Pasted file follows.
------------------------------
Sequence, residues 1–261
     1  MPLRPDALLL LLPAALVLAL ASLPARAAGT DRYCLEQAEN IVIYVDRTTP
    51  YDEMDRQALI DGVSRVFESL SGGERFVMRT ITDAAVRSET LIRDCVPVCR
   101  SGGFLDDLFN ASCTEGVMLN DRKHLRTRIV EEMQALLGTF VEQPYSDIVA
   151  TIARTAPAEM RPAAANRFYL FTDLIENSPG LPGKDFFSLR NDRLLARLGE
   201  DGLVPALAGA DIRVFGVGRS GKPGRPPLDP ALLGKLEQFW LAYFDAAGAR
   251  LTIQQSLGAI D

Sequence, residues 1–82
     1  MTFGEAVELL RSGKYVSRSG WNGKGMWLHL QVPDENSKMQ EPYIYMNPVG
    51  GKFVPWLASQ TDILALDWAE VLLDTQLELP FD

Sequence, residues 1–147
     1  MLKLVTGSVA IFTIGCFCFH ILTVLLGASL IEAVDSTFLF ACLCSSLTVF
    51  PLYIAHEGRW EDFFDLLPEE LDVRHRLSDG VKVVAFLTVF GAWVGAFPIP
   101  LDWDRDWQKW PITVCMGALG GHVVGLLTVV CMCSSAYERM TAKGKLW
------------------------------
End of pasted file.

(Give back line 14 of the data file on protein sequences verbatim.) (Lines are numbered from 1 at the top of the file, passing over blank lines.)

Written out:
   101  LDWDRDWQKW PITVCMGALG GHVVGLLTVV CMCSSAYERM TAKGKLW